Malanggad

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Malang Gad (Haji Malang)

Climbing up to the Malang Gad is an exciting and a hard trek. A motorable road takes you to "Malangad" which is about 13 kms, from Kalyan railway station. The shrine has been drawing pilgrims and sheer trekkers for a long time. You can also reach Malang Gad by Buses or Rickshaws a good road gets you there with no problems. After you leave the vehicles a 1-½ hour climb takes you straight to the Dargah. Shops on either side for the entire stretch try or coax you in to buying something. There are also stalls that sell soft drinks, sugarcane juice, etc, which also offers you a place to sit and rest a while if you are so inclined.

History:

In Thane district of the state of Maharashtra a king by name "Nal Raja" ruled. The atrocities on the common folk and the havoc created in his state by the demons reached unbearable proportions. The cry from the oppressed had reached to God abd God ordered Baba Malang to pay a visit to the place from where these crimes against the society are committed and to ensure safety and wellbeing of the common man by eliminating these demons.

Baba Malang and his followers reached the small village called Brahman wadi near this mountain. On reaching, he felt very thirsty and asked for water from a house belonging to a Brahman Ketkar Family. The Brahman, realizing that Baba Malang and his followers are tired, arranged for a place to rest and offered them Milk instead of water. This holy act of the Brahman was duly appreciated by Baba and he blessed him. He took leave from the Brahman in order to complete the work ordered by the God at the earliest.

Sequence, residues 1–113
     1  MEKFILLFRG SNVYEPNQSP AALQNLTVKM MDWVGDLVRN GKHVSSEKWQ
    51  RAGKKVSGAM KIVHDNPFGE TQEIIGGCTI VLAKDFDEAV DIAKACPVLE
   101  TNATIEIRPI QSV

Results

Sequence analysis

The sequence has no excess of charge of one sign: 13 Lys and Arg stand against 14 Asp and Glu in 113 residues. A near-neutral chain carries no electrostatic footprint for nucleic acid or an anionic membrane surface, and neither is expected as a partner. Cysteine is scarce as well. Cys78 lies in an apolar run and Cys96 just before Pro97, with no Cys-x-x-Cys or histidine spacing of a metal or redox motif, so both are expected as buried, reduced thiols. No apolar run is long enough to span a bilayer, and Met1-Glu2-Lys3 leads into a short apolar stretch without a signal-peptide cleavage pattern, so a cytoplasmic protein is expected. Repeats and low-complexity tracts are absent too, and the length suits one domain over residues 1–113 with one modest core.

They found a small and cleaner place where Bakhtawar wanted to put so Baba Malang blessed him, and said "that during "Kalyug" this place will be known as "first Step" and will be treated as sacrosanct."

According to legend the King and Queen have been turned to stone and even today are stoned by believing public. A climb to the mountain includes being carried by a rope across two peaks for Rs. 20.00 After this you carry on climbing and try to stone the peaks and it is believed that if your stone hits one of the peaks then your wish will be granted as long as you do not wish for the throne of Delhi.

URS Once a year it is time to celebrate a big festival on this mountain named after Baba. This year on the 3rd of February is the annual Urs or the birth centenary of Baba Malang. The devout followers of Baba from every caste and creed attend to the celebrations with great fervor. During these annual celebrations Baba's Palkhi is carried out and it forms the Juloos. The Palkhi route covers the entire mountain and is then brought back to the Dargah. The bursting of crackers and lightening of the mountain highlight the night on which this Palkhis makes round. The fireworks display from the mountain is a delight to see. The pilgrims desiring to stay overnight can hire temporary huts on small rentals. From the Dargah, a further hike of 45 minutes to 1 hour, takes you to the graves of " Panch Peer " which are of the disciples of Baba who came with him. Along this stretch, one visits the place of "Chasma". It is believed that from a spot where Baba's horse leg touched, water spouted.